All About Cydia

An Alternative App Store for iOS Devices

While the information in this article is still useful, both Cydia and jailbreaking face an uncertain future. Cydia's feature that let users buy apps was disabled in Dec. 2018. Jailbreaking has been fading away as Apple has made the iOS more powerful and flexible, and as security holes have been patched (which makes it harder to jailbreak). With app sales gone and momentum slowing, Cydia may cease operations entirely.

Cydia is an alternative App Store that offers apps for the iPhone, iPod touch, and iPad that aren’t available in the official App Store. Apps offered in Cydia sometimes have been rejected by Apple for reasons including that they violate Apple’s terms for apps or that they compete with Apple’s own apps. Some apps available at Cydia may also allow users to do things Apple doesn’t want them to.

What Do I Need to Use It?

An iPhone, iPod touch, or iPad, running iOS 3 or higher, that is jailbroken.

Where Do I Download It?

The process of jailbreaking your device will often include installation of, or the option to install, Cydia.

What Kind of Apps Does Cydia Have?

Apps available in Cydia vary widely and in some cases perform system-level tasks unavailable to apps approved for Apple's official App Store. Some apps are intended for testing purposes only. Some developers prefer Cydia to the App Store as a matter of principle — they don't want Apple to take 30 percent of their revenue.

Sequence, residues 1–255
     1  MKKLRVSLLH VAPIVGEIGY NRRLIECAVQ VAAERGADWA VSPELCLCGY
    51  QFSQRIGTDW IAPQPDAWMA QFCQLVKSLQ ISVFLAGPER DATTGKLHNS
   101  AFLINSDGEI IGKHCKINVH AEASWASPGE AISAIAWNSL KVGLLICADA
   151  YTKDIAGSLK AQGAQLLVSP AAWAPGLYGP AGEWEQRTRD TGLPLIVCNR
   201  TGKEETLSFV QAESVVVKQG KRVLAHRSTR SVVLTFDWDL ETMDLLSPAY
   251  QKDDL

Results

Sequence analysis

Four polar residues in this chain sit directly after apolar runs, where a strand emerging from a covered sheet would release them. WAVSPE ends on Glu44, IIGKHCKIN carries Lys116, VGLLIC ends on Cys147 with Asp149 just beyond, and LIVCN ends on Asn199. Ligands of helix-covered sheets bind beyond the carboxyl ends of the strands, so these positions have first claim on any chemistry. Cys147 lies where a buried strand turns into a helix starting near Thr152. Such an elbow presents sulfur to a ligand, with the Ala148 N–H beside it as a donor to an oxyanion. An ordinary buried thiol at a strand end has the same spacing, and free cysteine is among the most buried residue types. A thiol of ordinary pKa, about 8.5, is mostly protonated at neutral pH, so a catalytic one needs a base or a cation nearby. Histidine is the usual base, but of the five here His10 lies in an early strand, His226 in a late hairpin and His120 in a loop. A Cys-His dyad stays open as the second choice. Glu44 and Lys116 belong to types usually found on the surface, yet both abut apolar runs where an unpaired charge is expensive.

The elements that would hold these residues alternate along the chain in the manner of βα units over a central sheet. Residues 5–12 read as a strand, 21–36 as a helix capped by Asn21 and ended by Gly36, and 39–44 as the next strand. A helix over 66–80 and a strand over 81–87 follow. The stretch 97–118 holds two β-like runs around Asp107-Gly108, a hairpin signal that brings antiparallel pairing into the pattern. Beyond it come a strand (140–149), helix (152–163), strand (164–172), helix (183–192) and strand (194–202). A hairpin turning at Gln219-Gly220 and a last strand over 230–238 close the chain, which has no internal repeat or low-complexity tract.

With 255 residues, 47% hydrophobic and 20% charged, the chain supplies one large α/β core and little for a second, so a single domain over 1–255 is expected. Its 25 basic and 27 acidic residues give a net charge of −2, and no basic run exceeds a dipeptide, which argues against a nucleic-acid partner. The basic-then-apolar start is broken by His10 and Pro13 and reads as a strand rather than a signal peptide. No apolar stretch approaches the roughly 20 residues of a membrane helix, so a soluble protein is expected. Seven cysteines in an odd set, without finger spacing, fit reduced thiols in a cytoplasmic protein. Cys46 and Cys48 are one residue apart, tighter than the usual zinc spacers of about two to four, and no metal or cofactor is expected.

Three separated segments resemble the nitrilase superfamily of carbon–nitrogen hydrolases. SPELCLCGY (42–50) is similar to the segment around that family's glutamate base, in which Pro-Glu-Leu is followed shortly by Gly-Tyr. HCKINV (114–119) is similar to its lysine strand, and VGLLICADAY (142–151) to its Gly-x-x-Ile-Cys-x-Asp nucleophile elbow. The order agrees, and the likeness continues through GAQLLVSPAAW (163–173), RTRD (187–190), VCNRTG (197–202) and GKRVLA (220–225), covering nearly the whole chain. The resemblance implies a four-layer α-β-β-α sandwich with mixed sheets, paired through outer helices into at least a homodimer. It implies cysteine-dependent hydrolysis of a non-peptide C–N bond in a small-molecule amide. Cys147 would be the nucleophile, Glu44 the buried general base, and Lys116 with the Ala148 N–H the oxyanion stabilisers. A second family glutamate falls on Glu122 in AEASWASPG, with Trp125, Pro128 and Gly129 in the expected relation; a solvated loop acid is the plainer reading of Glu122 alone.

What Do Cydia Apps Cost?

As in the official App Store, apps at Cydia are both free and for pay. Paid apps cost anywhere from US$0.99 to $20 or more.

Can I Pay For Cydia Apps With My iTunes Account?

No. Your iTunes account only works for buying things through iTunes. To buy apps through Cydia, you can use PayPal, Amazon Payments, or with some tools, a credit card.

Are Cydia Apps Safe?

One of the ways that Apple touts its App Store is by stressing the review of apps for bad coding or malicious behavior. Cydia doesn’t offer this kind of in-depth vetting of apps before they are offered to users.

One on hand, Apple’s approval process restricts apps that may be perfectly safe, but in some way opposed to Apple’s interests. On the other, it (theoretically) ensures some level of quality.

Given this nuance, you install apps from Cydia your own risk and that Apple may not provide support to you as a result of problems generated by apps from Cydia. In particular, Apple has not supported jailbroken devices, on the grounds that jailbreaking voids device warranties.

Does Cydia Work Like the App Store?

In many ways, yes, but in one crucial way, it doesn't. Apple's App Store stores all the apps it sells on Apple's servers and you download them from there. Cydia, however, is more like a directory or middleman than a store in the way the App Store is. When you download apps from Cydia, the download doesn't come from Cydia servers, but rather from storage provided by the creator of that app.